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At present there seems to be a paucity of literature by which a beginner can orient himself in the field of social psychiatry—that which is available either being intended for popular consumption or being too advanced to be of value without some preliminary knowledge of the subject. It is this gap which this monograph seems excellently qualified to fill. Although social psychiatry is such a young science that many of its conclusions must be tentative, there is a rapidly growing body of material that seems to indicate that the adult personality results from the interplay between the person's innate equipment and the social setting of his childhood, and that the latter factors, because of their variability, exert a more powerful ultimate effect than the former. Furthermore, because these factors are capable of alleviation, they can be modified in order to aid the person's adjustment. The author has surveyed these factors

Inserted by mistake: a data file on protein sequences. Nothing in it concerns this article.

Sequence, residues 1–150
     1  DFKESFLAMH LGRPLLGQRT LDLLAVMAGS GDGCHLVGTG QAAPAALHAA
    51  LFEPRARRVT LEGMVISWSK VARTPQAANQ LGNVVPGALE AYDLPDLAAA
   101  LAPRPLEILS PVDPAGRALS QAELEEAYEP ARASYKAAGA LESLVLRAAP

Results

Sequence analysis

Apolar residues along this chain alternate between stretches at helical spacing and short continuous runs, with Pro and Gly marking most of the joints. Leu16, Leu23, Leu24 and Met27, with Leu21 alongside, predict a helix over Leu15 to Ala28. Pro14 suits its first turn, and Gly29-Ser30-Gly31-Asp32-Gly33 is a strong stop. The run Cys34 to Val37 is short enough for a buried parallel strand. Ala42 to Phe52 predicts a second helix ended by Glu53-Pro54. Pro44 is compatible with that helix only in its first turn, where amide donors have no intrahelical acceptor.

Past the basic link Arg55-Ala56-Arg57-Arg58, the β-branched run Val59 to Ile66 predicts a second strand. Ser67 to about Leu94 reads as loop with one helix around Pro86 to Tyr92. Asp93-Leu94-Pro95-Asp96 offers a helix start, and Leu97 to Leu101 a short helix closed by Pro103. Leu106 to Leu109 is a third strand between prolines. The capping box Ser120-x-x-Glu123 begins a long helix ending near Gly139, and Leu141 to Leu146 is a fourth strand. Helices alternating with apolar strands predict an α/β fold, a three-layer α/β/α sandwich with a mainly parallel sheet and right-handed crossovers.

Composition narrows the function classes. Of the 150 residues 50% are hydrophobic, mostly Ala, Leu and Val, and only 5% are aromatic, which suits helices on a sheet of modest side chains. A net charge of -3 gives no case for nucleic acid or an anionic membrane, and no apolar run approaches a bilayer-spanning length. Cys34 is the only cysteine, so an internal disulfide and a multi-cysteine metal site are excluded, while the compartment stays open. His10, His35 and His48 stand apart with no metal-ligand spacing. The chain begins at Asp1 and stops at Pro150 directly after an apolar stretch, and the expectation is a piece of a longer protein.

The Child and Society: An Introduction to the Social Psychology of the Child.. Arch NeurPsych. 1929;22(1):186. doi:10.1001/archneurpsyc.1929.02220010189019